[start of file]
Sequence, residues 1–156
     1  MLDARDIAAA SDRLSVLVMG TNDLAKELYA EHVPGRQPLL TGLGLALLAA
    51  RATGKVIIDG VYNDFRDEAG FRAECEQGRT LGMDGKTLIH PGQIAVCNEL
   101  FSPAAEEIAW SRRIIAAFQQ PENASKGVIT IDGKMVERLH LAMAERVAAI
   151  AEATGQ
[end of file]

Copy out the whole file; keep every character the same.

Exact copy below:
Sequence, residues 1–156
     1  MLDARDIAAA SDRLSVLVMG TNDLAKELYA EHVPGRQPLL TGLGLALLAA
    51  RATGKVIIDG VYNDFRDEAG FRAECEQGRT LGMDGKTLIH PGQIAVCNEL
   101  FSPAAEEIAW SRRIIAAFQQ PENASKGVIT IDGKMVERLH LAMAERVAAI
   151  AEATGQ